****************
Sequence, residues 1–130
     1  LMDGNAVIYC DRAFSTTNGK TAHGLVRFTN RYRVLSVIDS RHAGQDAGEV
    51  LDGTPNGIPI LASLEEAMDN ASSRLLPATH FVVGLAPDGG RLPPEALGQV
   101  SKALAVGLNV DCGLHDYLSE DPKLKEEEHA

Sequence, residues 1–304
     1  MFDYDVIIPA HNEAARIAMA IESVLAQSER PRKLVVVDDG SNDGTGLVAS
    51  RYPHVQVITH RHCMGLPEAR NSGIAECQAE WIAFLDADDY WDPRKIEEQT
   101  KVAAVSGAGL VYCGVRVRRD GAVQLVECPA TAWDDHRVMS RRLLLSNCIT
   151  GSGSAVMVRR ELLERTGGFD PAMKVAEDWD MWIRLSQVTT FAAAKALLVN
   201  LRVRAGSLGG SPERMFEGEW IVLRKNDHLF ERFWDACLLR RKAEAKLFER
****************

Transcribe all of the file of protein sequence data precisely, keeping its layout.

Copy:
Sequence, residues 1–130
     1  LMDGNAVIYC DRAFSTTNGK TAHGLVRFTN RYRVLSVIDS RHAGQDAGEV
    51  LDGTPNGIPI LASLEEAMDN ASSRLLPATH FVVGLAPDGG RLPPEALGQV
   101  SKALAVGLNV DCGLHDYLSE DPKLKEEEHA

Sequence, residues 1–304
     1  MFDYDVIIPA HNEAARIAMA IESVLAQSER PRKLVVVDDG SNDGTGLVAS
    51  RYPHVQVITH RHCMGLPEAR NSGIAECQAE WIAFLDADDY WDPRKIEEQT
   101  KVAAVSGAGL VYCGVRVRRD GAVQLVECPA TAWDDHRVMS RRLLLSNCIT
   151  GSGSAVMVRR ELLERTGGFD PAMKVAEDWD MWIRLSQVTT FAAAKALLVN
   201  LRVRAGSLGG SPERMFEGEW IVLRKNDHLF ERFWDACLLR RKAEAKLFER